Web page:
The Killing: Season Three
The Killing: Season Three

The Killing: Season Three

Netflix Description: A year after closing the Rosie Larsen case, Sarah Linden is no longer a detective. But when her former partner uncovers a string of gruesome murders connected to her past, Sarah is drawn back into a career she thought she’d left behind.

Why: Because it’s the best season of the twice-canceled AMC show. Maybe you gave up on “The Killing” after the games Veena Sud played at the end of season one? Come back and watch this incredible season of television, one of the best of 2013. Even if you haven’t seen the first two, you can start here as it stands alone. And it’s not on DVD or Blu-ray yet, coming to Netflix first. For those looking for great TV drama now that “Breaking Bad” is over.

National Lampoon's Christmas Vacation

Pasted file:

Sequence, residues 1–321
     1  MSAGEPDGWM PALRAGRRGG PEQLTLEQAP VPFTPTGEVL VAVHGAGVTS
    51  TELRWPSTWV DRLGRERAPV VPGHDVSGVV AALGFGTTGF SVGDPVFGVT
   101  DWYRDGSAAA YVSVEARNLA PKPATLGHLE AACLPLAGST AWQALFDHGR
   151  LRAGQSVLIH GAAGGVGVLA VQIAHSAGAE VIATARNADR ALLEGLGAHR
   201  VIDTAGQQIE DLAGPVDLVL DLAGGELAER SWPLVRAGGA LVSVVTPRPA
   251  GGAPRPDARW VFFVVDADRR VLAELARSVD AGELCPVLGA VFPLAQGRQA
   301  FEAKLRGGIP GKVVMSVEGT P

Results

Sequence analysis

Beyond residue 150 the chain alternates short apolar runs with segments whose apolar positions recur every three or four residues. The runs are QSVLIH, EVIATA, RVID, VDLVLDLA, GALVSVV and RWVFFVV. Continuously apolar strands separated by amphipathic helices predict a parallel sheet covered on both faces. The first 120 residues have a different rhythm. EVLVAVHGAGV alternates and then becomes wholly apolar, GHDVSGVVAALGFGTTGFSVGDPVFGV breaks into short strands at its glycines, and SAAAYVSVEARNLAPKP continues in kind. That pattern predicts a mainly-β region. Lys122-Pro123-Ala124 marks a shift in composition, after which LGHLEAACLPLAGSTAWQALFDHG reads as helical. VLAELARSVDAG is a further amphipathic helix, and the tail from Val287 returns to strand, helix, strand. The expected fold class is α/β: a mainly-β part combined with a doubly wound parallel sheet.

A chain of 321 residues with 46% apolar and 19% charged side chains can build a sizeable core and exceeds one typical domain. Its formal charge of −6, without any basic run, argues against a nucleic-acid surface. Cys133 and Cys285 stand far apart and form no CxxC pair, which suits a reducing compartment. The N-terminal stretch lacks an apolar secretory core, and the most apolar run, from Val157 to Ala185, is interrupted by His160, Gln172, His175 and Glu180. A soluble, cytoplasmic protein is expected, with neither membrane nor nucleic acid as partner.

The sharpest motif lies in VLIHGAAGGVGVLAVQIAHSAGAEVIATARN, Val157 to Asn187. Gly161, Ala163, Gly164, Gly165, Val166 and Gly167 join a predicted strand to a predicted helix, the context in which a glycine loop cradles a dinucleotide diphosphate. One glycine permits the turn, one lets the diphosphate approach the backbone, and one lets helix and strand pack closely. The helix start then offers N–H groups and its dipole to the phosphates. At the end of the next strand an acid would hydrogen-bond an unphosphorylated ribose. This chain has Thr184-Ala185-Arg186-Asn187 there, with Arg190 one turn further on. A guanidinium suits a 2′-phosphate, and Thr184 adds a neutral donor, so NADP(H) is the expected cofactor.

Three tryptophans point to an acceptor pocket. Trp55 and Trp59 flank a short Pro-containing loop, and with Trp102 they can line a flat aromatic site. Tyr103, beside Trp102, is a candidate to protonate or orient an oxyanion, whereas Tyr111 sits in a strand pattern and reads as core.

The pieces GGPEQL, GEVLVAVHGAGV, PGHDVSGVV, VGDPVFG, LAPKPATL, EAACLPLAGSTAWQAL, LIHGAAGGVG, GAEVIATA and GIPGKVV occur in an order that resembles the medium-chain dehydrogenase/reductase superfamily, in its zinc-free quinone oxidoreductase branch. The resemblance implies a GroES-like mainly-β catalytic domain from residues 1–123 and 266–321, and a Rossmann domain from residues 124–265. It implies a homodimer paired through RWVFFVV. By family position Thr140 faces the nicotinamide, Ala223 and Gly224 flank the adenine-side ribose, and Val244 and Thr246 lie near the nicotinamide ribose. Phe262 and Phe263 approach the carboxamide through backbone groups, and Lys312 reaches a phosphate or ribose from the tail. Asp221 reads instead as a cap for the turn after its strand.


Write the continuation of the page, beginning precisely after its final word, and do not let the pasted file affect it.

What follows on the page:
National Lampoon’s Christmas Vacation

National Lampoon’s Christmas Vacation

Netflix Description: Hapless Clark, exasperated Ellen and their ever-changing kids take on Christmas in this holiday classic. As usual, all their good intentions can’t save them from disaster … or Cousin Eddie, whose surprise visit throws them into disarray.

Why: Because…duh. It’s the holiday season, I wanted to include a holiday movie, and it was this or “The Polar Express.” No contest. If you haven’t seen it in the nearly quarter-century since it was released (yes, I feel old too), then you owe it to yourself to return to the Griswolds very funny Christmas adventure. I still swear allegiance to the original “Vacation” as the best in the series but this is a close second. For those who need a holiday laugh.

The Painting
The Painting

The Painting

Netflix Description: In a world contained in a painting, three races exist: the beautifully colored Alldunns, the incomplete Halfies and the only-outlined Sketchies. Yearning for completion, three friends go on a quest to find the artist so he can finish the painting.